If it had been an oil painting I would have wiped it off the canvas after the first hour of struggle. Instead, I continued, searching for the problems and experimenting with solution options.
Leaving white paper worked well for the Oxalis Ink and Watercolor sketches. Leaving the table white did not work well at all for Trumpet Parts No. 43. I started off with a loose, dip pen sketch of the trumpet parts rather than the more careful contour-like sketch I usually begin with. The choice of throwing in a window, two walls and a painting on the wall as a background turned out to be another decision that didn’t work. To top it off, the throw of the second die sealed the fate of the misdirected sketch. The first throw was a Two (Modified Triad) The second throw gave me a dominant color of Orange. That left me with Orange plus Red and Yellow ….. all warm colors that fall along the top half of the value scale.
I’ve been using saturated colors when playing the Color Scheme Game, not venturing toward neutrals. Trumpet Parts No.43 is a great example of the importance of neutrals! Without them, in this case, there would be no darks at all except for the black ink. I didn’t mix neutrals until my last attempt to “save” the painting, which obviously, I didn’t do. What I learned during the four hour struggle was well worth it. Tomorrow I will reconstruct a variation of this sketch based on what I learned from today’s efforts. I will hold to the same color scheme and attempt to extend the value scale to include white and the darkest darks while maintaining the scheme of red, orange and yellow.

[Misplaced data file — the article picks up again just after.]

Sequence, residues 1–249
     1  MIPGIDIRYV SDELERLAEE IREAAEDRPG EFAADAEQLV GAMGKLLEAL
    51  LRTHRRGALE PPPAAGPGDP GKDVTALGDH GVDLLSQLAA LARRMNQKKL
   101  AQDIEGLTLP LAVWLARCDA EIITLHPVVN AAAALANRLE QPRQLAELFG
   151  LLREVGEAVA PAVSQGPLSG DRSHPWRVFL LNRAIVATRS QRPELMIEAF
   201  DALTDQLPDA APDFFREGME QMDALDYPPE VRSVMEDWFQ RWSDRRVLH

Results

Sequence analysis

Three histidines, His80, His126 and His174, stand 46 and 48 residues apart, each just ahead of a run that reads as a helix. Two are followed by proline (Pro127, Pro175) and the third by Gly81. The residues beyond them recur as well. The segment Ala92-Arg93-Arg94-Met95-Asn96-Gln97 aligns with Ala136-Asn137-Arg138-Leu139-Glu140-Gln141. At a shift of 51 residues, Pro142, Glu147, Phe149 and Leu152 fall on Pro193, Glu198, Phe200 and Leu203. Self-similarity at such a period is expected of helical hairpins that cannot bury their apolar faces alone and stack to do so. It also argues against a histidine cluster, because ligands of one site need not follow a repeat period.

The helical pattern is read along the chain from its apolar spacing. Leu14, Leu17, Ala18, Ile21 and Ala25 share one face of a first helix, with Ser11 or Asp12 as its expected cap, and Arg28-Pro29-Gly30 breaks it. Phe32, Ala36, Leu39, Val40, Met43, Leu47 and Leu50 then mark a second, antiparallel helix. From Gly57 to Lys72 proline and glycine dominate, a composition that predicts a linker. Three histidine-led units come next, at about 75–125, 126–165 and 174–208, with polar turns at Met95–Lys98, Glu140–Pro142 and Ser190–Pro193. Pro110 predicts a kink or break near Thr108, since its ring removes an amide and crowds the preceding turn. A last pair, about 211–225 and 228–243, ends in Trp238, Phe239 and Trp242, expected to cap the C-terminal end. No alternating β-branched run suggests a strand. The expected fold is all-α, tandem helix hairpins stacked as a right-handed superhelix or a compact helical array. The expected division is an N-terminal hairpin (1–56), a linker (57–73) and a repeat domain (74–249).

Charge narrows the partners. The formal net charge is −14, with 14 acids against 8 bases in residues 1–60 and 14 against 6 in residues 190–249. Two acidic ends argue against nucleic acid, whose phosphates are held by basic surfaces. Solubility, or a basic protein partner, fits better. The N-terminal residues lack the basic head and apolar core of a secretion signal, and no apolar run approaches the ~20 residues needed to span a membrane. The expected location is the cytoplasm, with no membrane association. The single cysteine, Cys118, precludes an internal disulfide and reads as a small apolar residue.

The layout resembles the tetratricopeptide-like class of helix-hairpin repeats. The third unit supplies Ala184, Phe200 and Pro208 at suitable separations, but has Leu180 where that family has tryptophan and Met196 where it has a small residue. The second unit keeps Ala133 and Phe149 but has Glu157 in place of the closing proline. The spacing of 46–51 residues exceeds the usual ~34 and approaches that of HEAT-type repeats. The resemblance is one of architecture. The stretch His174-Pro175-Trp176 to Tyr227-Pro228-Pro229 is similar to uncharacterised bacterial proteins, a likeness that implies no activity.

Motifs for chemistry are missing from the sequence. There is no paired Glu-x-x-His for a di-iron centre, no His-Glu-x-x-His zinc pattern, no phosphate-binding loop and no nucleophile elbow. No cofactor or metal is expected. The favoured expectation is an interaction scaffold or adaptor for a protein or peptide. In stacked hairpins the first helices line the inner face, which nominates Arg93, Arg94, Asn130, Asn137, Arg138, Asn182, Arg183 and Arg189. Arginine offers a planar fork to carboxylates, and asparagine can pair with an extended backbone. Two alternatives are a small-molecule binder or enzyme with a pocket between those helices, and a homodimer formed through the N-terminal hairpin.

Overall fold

Sketchbook painting: drawn first with dip pen and black ink, followed by watercolor and gouache …….. the images shown are the last two variations after many layers of washes, splatters and glazes.